The two front-runners in the race to become the next House majority whip spent the weekend shoring up support with potential allies — and, through staff, taking swipes at each other.
A source close to Chief Deputy Whip Peter Roskam, in an emailed memo to CQ Roll Call, said the 90-plus members in the House who have pledged to vote for the Illinois Republican are “rock solid,” while Louisiana Rep. Steve Scalise’s numbers are “soft” and “all over the place since Thursday — at 100, 120, over 100, etc. etc.
“No one wants a whip who can’t count,” the source continued, “and no one wants a whip who overpromises and under-delivers.” Full story
June 11, 2014
House Republicans quickly sloughed off the shock of Majority Leader Eric Cantor’s defeat and were immediately thrust into a weeklong, all-out sprint for power.
Next Thursday’s vote for new leadership will have ripple effects that touch every aspect of House policymaking, messaging and scheduling.
Republicans are hoping for a quick transition, counting on the chaos of this week’s unexpected primary results to give way to unity and a new leadership team. Speaker John A. Boehner of Ohio called on his conference to come together, even as internal elections are sure to tear them apart for the next week.
“This is the time for unity; the time for focus — focus on the thing we all know to be true: The failure of Barack Obama’s policies and our obligation to show the American people we offer them not just a viable alternative, but a better future,” he told his conference in a private meeting Wednesday night. Full story
May 30, 2014
In a series of late-night votes that marijuana-rights advocates say reflect a nation’s changing attitudes, the Republican-controlled House moved early Friday to block the federal government from interfering with state laws on pot and hemp.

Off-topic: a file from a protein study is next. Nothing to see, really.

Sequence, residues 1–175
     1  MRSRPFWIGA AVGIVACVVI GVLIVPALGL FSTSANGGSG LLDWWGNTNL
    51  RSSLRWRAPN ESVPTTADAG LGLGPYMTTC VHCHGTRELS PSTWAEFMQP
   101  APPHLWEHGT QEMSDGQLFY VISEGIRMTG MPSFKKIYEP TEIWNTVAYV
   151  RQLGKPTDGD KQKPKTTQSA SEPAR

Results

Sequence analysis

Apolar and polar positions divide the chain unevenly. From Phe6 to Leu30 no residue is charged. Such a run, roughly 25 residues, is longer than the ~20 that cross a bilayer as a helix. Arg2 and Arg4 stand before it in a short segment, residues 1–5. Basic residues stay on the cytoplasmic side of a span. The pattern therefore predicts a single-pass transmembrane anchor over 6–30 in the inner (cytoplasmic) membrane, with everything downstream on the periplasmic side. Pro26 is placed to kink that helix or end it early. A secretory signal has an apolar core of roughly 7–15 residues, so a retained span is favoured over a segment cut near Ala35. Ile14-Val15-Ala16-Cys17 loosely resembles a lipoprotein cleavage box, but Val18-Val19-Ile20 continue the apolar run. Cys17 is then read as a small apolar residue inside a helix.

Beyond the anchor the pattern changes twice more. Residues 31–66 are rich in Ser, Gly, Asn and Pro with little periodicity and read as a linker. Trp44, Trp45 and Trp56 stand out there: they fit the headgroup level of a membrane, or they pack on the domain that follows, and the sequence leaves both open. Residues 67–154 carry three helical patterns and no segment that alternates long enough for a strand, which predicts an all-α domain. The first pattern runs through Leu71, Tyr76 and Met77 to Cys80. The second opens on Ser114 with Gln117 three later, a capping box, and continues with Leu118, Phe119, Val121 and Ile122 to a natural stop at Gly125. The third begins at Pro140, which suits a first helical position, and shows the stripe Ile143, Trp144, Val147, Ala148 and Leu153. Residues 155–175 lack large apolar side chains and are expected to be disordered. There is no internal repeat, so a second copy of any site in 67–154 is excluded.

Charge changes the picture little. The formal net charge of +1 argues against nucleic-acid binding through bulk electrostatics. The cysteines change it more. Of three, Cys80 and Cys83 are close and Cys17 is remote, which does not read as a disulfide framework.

The most far-reaching of the votes — a measure to cut funds for Drug Enforcement Agency raids on medical marijuana operations — passed 219-189 on the strength of an unusual coalition that cut across traditional partisan lines.
The medical marijuana measure was offered by conservative Republican Dana Rohrabacher of California as an amendment to the fiscal 2015 Commerce-Justice-Science appropriations bill.
There were 49 Republicans who voted “yes” on the medical marijuana amendment, jointly sponsored by Rohrabacher; Sam Farr, D-Calif.; Don Young, R-Alaska; Earl Blumenauer, D-Ore.; Tom McClintock, R-Calif.; Steve Cohen, D-Tenn.; Paul Broun, R-Ga.; Jared Polis, D-Colo.; Steve Stockman, R-Texas; Barbara Lee, D-Calif.; Justin Amash, R-Mich.; and Dina Titus, D-Nev. Full story
May 16, 2014
Updated, May 17, 3:31 p.m. | The notion of passing a major infrastructure bill through the House and Senate without earmarks seemed, at first, unthinkable.
After all, it’s a highly dysfunctional Congress, there’s an army of outside conservative groups ready to thwart legislation that doesn’t meet their standards and members from both parties have complained an earmark moratorium is a reason it’s tough to get anything done.
But Speaker John A. Boehner insists things can get done, and he and Rep. Bill Shuster have a bipartisan water bill coming up to prove it. Should they succeed in the next few days, it might pave the way for a highway bill without special projects attached.
The bill is the bipartisan, bicameral conference report for the Water Resources Reform and Development Act, and the speaker touts it as “a significant policy achievement.”
“Earmarks aren’t coming back on my watch,” the Ohio Republican told CQ Roll Call in a statement. “With the reforms in this agreement, Chairman Shuster has proven that we can do water resources bills without earmarks, and for that he deserves great credit.”
As a first-term chairman of the Transportation and Infrastructure Committee, Shuster would have had an easier time seven years ago, when legislation to fund key water and infrastructure initiatives around the country was last signed into law.
That water bill was historically one of the only pieces of legislation to repeatedly come before Congress composed almost entirely of earmarks, basically constituting a laundry list of line items handpicked by lawmakers to pay for specific projects in their districts.